As electrified trucks become a reality, fleets will have a multitude of energy options to choose from
Chances are, your fleet is made up of 100% diesel power. Sure, there are other sources of fuel out there in the trucking industry—maybe you have some gasoline-powered medium-duty trucks; maybe you have consistent access to natural gas. Overall, this industry is largely a monolithic one.
That’s about to change.
This year is going to be a pivotal one for the emergence of electric trucks onto our roads. Pilot programs from OEMs such as Daimler Trucks North America and Peterbilt have already put electric trucks to work and Volvo Trucks North America is set to announce it’s foray into electric truck applications. The Kline Group, a research and consulting firm, projects that the U.S. commercial vehicle market will include about 12.5% battery electric vehicles in 2040—with much of this being light- and medium-duty (i.e. cargo vans, etc.).
But, for all the hype, electric trucks aren’t going to meet all application needs, and that goes double for on-highway operations. Time will be needed for a nationwide infrastructure to be built and for battery life to be improved. This is going to lead to a period of time the North American Council for Freight Efficiency (NACFE) refers to as the “messy middle:” a time in which certain fleets can run with electric power, but others can’t yet—some of whom will find other methods for reaching low- or zero-emissions goals.
NACFE researched the viability of various alternative fuels for a recent Guidance Report, and projects the timing of the “messy middle” to run through the 2030s.
“NACFE believes there is no single solution to replace diesel. Instead, specialization and regional factors are pushing the market to a ‘multi-fuel future’ where many of these technologies will coexist,” the report concluded. “Through this transition [to electrification], some technologies will emerge as ‘bridges’ between the present and the future.”
These technologies include various forms of natural gas (compressed natural gas, renewable natural gas and liquefied natural gas), as well as diesel/electric hybrids, while battery electric and hydrogen fuel cell trucks are more long-term solutions, especially in long-haul.
Sounding a similar note at a recent speaking engagement was David Tsui of the Kline Group.
“As a geographically dispersed country, we don’t have the networks to really support full battery electric trucks at the moment,” Tsui said. “Whereas in China and Germany, the government is more capable of basically forcing the way as far as making the transition happen. But we’ve already seen electric vehicle sales start to slip as China starts to curb their incentives. This market is very incentive-driven to try and help overcome the financial hurdle of the initial purchase costs. Without that financial incentive, this market is going to be slower to pick up.”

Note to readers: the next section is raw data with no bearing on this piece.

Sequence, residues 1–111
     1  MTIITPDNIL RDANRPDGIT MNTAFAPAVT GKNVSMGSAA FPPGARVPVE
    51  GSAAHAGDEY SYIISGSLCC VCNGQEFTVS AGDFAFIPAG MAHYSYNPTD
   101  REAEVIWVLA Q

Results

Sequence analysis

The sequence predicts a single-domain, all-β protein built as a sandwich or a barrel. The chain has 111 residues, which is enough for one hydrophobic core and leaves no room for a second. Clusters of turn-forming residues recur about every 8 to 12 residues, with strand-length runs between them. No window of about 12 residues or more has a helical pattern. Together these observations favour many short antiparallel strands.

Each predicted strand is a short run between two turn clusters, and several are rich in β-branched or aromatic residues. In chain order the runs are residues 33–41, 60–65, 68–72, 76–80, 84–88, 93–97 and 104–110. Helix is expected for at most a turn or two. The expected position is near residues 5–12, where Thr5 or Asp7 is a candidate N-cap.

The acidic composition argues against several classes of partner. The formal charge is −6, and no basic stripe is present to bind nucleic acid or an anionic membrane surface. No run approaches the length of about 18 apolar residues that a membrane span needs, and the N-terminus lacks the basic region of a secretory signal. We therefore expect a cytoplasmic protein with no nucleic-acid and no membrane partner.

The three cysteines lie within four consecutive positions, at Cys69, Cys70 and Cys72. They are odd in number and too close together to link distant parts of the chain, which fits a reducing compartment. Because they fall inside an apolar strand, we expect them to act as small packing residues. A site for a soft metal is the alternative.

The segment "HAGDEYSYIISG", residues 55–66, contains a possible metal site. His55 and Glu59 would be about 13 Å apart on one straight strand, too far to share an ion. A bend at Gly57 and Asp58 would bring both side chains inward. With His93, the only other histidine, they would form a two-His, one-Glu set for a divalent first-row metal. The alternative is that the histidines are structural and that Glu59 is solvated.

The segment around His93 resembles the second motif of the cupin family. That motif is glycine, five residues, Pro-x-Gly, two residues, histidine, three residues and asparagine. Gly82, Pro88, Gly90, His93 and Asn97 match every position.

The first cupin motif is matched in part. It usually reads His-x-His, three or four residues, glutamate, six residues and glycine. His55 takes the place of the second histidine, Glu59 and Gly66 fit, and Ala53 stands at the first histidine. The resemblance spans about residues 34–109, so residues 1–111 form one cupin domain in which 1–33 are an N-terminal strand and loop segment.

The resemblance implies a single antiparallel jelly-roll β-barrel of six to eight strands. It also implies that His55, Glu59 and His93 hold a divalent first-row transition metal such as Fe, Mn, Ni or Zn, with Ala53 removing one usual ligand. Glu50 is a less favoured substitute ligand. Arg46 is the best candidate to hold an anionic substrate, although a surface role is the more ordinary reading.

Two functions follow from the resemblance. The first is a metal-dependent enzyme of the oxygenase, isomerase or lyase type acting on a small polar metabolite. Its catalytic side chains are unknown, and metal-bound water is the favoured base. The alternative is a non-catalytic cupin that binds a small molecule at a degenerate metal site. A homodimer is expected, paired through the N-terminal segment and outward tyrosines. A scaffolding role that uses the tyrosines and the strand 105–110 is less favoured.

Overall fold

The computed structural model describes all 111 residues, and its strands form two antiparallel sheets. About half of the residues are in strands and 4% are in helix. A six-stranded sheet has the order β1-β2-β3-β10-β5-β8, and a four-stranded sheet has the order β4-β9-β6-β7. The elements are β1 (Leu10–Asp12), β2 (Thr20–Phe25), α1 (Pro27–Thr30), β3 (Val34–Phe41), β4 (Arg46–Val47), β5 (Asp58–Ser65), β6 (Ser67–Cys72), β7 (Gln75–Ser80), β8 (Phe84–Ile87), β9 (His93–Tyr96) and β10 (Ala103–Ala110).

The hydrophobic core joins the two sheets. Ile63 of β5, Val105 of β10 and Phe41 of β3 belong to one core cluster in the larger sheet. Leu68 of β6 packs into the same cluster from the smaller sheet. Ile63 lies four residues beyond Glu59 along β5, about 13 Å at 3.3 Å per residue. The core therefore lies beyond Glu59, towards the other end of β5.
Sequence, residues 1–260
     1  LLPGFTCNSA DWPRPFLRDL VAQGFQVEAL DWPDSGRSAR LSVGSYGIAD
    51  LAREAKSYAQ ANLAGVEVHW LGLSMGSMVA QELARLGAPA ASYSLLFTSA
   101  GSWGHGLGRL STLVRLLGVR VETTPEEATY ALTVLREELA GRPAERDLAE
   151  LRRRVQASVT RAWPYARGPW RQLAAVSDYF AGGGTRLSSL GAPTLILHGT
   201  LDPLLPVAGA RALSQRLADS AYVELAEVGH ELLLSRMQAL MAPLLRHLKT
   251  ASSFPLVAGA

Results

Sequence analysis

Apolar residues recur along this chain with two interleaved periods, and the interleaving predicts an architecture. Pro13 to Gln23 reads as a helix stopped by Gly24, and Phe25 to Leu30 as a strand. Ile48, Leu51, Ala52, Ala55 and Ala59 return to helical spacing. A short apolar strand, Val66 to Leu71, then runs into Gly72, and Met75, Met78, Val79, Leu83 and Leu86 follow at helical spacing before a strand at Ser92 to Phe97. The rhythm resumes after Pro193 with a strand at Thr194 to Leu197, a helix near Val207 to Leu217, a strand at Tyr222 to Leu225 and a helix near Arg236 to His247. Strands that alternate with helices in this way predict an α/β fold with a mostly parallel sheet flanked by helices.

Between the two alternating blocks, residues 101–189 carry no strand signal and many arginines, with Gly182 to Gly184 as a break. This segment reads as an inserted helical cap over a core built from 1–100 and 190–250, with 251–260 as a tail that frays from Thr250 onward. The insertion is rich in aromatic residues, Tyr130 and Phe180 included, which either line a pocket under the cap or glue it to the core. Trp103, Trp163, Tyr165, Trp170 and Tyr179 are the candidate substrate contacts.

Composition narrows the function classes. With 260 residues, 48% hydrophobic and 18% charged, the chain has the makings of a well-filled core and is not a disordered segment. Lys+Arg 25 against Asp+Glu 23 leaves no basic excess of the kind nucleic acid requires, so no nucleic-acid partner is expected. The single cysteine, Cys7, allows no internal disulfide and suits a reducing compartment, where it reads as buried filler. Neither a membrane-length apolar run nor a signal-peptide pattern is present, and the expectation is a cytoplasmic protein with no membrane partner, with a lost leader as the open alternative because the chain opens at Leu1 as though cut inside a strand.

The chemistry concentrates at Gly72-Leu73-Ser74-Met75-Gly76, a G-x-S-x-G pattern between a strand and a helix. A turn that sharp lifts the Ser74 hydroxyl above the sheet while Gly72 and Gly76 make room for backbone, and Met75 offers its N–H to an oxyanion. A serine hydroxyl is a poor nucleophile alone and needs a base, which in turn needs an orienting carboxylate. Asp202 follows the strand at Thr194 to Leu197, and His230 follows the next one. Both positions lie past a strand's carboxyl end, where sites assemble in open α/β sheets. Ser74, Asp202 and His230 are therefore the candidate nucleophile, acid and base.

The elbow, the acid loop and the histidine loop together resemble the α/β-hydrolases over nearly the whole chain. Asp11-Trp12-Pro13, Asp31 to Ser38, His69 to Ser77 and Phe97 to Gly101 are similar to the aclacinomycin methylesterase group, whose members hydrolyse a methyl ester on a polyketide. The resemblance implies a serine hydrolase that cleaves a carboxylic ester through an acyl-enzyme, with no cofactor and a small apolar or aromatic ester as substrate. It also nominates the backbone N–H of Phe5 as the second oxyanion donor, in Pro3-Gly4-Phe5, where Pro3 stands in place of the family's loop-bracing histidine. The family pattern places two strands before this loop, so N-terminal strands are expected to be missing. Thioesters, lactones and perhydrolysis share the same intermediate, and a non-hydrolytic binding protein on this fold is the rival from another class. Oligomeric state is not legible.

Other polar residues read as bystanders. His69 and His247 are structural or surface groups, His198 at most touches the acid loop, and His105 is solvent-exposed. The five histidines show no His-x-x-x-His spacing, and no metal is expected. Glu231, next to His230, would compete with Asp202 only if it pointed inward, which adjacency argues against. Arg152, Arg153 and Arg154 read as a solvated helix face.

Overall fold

Tsui also sounded a cautionary note when it comes to hydrogen fuel cells.
“Fuel cells look extremely promising; the only problem is, they’re not being championed by government,” he said. “Without the government backing an infrastructure for fueling, it may or may not catch on. It may actually fizzle, even though the technology seems very promising; the ranges on these trucks are quite respectable, and the weight of the new type of vehicle is not excessively heavier than a typical Class 8 truck so you’re not losing any payload capacity.”
Tsui pointed out that we’ve already seen this happen with fuel cell-powered cars. “Only California encourages it, and only to an extent. And because of that, we have not seen fuel cell vehicles really expand,” he said.
The numbers bear this out: Only 2,300 fuel cell-powered cars were sold in 2018—barely a dent in the market as battery electric cars continue to be widely available.
But many fleets may find the value in fuel cell energy, just as many will make use of battery electric trucks, some will use natural gas, and some will continue on with diesel. All of these fuels seem to have a future—it’s preparing for each of them that will be the challenge. As these fuels become more viable, fleets should be proactive in researching which will be the best for their fleet and what the practicalities will be for implementation.